A team led by University of Washington researchers has identified and classified how different people respond to the accumulation of dental plaque. Their work, recently published in the journal Proceedings of the National Academy of Sciences (PNAS), sheds new light on why some people may be more prone to serious conditions that lead to tooth loss and other problems.
Left unchecked, plaque build-up can induce gingivitis (gum disease). Gingivitis, in turn, can lead to periodontitis, a serious gum infection that damages the soft tissue and can destroy the bone that supports teeth. Not only can this result in tooth loss, but chronic inflammation can also spur other serious health consequences.
The researchers also found a previously unidentified range of inflammatory responses to bacterial accumulation in the mouth. When bacteria build-up on tooth surfaces, they generate inflammation. Previously, there were two known major oral inflammation phenotypes, or individual traits: a high clinical response; and, a low clinical response. The team identified a third phenotype, which they called ‘slow’: a delayed strong inflammatory response in the wake of the bacterial build-up.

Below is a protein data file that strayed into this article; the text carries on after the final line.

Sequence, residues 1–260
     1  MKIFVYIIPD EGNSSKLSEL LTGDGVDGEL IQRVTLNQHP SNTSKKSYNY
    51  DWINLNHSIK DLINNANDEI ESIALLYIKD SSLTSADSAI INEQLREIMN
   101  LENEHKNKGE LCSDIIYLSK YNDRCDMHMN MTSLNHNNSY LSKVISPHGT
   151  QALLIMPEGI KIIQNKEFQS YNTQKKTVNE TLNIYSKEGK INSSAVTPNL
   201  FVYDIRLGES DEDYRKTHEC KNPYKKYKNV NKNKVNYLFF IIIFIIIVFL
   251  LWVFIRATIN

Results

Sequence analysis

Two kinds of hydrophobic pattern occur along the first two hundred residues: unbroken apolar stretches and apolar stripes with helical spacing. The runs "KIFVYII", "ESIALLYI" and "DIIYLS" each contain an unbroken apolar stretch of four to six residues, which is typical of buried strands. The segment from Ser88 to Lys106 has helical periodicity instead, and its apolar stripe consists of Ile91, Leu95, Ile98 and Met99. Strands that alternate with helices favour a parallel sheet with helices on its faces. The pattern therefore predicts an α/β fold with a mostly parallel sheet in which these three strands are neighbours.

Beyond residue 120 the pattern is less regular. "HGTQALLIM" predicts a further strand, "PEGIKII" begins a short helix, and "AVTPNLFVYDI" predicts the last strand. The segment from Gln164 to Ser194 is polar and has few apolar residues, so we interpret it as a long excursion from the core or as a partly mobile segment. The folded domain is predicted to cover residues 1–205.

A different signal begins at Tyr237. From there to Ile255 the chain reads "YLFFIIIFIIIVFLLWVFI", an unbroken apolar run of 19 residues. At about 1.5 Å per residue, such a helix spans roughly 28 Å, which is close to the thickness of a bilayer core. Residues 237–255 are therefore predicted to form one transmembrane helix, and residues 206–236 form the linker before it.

The study revealed for the first time that subjects with low clinical response also demonstrated a low inflammatory response for a wide variety of inflammation signals. The study authors wrote that understanding the variations in gum inflammation could help better identify people at elevated risk of periodontitis. It is possible that this variation in the inflammatory response among the human population may be related to susceptibility to other chronic bacterial-associated inflammatory conditions.